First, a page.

In my paper for Professor Story, I developed a long and complicated argument to the effect that even though Mark indicates this happened “when Abiathar was the high priest,” it doesn’t really mean that Abiathar was the high priest, but that the event took place in the part of the scriptural text that has Abiathar as one of the main characters. My argument was based on the meaning of the Greek words involved and was a bit convoluted. I was pretty sure Professor Story would appreciate the argument, since I knew him as a good Christian scholar who obviously (like me) would never think there could be anything like a genuine error in the Bible. But at the end of my paper he made a simple one-line comment that for some reason went straight through me. He wrote: “Maybe Mark just made a mistake.” (Bart D. Ehrman, Misquoting Jesus: The Story Behind Who Changed the Bible and Why. New York: HarperCollins, December 2008, pp. 8-9)
In order to look at this in a clearer light, let’s read the texts of 1 Samuel 21:1-6 and Mark 2:23-27 :
Now David came to Nob, to Ahimelech the priest. And Ahimelech was afraid when he met David, and said to him, “Why are you alone, and no one is with you?”
2 So David said to Ahimelech the priest, “The king has ordered me on some business, and said to me, ‘Do not let anyone know anything about the business on which I send you, or what I have commanded you.’ And I have directed my young men to such and such a place. 3 Now therefore, what have you on hand? Give me five loaves of bread in my hand, or whatever can be found.”
4 And the priest answered David and said, “There is no common bread on hand; but there is holy bread, if the young men have at least kept themselves from women.”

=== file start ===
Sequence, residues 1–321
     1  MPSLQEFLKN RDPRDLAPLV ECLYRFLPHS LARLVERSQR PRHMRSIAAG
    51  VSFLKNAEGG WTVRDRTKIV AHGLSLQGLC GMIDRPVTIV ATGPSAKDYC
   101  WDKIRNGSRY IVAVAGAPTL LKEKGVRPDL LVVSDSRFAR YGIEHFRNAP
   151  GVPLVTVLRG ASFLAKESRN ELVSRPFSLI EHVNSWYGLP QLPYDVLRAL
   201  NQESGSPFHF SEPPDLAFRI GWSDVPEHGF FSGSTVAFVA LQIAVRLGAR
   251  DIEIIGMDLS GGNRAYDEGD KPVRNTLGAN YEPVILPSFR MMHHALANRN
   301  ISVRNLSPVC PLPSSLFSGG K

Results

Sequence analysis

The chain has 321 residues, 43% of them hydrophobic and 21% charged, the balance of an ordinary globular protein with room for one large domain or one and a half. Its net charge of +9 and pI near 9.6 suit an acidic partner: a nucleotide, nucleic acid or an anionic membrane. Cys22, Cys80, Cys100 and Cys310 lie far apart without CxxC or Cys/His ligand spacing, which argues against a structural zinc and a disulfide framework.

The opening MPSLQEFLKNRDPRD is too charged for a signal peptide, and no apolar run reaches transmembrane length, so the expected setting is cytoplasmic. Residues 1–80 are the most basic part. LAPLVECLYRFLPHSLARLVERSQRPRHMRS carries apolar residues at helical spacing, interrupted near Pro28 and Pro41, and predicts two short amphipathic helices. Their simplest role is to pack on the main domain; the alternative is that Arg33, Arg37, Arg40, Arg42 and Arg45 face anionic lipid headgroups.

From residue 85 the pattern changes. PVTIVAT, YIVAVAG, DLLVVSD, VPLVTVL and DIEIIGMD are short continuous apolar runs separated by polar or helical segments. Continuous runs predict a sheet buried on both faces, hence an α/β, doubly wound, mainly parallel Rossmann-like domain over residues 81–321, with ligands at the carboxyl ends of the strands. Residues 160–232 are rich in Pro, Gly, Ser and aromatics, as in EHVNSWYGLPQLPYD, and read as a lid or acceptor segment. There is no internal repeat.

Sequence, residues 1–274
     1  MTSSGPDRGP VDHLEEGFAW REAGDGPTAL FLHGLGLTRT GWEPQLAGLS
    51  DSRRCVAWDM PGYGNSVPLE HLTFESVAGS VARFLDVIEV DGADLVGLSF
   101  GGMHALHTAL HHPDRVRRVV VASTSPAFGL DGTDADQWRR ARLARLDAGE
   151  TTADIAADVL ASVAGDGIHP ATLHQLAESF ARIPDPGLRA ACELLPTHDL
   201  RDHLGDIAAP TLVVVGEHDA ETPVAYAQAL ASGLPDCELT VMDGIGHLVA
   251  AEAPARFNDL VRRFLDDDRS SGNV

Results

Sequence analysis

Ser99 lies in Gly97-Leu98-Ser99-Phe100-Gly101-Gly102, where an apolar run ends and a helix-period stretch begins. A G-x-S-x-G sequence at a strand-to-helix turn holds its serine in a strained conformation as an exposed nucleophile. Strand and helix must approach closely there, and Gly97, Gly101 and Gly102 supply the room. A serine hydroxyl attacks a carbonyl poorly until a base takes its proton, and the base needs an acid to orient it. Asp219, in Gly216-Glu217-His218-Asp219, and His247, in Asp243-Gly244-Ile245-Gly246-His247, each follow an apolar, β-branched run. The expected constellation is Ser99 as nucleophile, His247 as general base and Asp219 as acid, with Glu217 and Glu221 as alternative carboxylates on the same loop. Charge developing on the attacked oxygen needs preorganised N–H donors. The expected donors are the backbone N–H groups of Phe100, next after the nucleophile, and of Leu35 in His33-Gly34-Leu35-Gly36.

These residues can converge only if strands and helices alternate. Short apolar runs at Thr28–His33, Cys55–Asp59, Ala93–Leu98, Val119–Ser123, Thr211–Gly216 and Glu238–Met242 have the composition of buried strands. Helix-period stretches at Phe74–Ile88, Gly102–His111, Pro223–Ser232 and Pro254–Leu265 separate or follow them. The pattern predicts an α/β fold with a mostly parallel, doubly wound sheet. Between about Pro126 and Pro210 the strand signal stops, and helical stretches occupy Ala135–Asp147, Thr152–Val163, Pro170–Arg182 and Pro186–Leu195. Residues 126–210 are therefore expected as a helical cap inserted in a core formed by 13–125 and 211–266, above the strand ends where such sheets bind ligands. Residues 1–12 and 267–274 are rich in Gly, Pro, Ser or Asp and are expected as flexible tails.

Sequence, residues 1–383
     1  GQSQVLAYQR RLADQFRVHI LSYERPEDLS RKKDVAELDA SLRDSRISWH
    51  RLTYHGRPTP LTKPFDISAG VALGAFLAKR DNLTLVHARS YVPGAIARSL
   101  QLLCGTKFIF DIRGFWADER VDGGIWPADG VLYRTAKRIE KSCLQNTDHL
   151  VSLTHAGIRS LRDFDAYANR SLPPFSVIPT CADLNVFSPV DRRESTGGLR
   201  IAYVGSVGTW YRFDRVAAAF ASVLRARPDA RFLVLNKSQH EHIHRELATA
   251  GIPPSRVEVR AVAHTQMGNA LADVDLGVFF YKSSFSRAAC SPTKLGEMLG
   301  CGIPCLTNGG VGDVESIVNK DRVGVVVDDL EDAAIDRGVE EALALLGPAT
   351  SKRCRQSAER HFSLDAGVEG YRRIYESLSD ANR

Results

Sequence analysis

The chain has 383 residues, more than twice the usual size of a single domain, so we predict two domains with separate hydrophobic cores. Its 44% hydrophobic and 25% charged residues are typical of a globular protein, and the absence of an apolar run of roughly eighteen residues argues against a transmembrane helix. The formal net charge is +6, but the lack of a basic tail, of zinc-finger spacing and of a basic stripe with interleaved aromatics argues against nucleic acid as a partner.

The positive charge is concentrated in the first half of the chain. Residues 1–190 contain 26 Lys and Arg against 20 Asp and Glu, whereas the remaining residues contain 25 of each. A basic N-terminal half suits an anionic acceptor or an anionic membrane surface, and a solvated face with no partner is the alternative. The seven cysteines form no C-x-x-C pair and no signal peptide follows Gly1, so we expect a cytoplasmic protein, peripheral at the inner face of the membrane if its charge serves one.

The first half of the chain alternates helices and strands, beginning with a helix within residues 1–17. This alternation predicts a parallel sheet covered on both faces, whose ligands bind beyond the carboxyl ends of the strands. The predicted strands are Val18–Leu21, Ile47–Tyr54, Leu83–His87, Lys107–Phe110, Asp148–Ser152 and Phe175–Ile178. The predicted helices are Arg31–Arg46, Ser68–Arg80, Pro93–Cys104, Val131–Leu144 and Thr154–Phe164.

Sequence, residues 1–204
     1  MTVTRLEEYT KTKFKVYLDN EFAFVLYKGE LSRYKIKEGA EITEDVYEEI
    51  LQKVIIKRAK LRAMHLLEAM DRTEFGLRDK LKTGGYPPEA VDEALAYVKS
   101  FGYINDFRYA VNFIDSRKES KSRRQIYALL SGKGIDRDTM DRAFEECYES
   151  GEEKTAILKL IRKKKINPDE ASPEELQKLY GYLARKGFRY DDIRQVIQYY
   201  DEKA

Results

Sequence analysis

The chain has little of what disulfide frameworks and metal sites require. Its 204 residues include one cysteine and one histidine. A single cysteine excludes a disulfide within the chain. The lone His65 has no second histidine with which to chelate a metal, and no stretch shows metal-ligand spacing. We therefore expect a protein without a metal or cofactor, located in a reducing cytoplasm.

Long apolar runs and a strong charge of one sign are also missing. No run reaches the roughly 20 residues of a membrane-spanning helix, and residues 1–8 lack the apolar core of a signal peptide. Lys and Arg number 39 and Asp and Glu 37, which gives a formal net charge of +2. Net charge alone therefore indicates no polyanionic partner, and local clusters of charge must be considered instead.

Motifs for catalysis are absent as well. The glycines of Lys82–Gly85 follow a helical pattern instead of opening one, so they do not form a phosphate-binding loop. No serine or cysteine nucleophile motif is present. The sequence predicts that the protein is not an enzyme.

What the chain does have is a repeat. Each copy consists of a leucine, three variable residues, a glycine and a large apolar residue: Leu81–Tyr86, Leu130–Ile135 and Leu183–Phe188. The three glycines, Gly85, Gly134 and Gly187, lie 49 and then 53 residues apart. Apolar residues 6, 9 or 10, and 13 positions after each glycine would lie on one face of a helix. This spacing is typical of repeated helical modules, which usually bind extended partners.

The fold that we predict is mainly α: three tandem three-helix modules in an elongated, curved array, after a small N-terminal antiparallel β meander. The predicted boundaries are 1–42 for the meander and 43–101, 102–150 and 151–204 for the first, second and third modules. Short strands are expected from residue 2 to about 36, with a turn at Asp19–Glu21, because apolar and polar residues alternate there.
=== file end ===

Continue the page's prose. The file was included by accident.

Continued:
5 Then David answered the priest, and said to him, “Truly, women have been kept from us about three days since I came out. And the vessels of the young men are holy, and the bread is in effect common, even though it was consecrated in the vessel this day.”
6 So the priest gave him holy bread; for there was no bread there but the showbread which had been taken from before the Lord, in order to put hot bread in its place on the day when it was taken away. (1 Samuel 21:1-6)
And now, Mark 2:23-27:
23 Now it happened that He went through the grainfields on the Sabbath; and as they went His disciples began to pluck the heads of grain. 24 And the Pharisees said to Him, “Look, why do they do what is not lawful on the Sabbath?”
25 But He said to them, “Have you never read what David did when he was in need and hungry, he and those with him:26 how he went into the house of God in the days of Abiathar the high priest, and ate the showbread, which is not lawful to eat except for the priests, and also gave some to those who were with him?”
27 And He said to them, “The Sabbath was made for man, and not man for the Sabbath. 28 Therefore the Son of Man is also Lord of the Sabbath.” (Mark 2:23-27)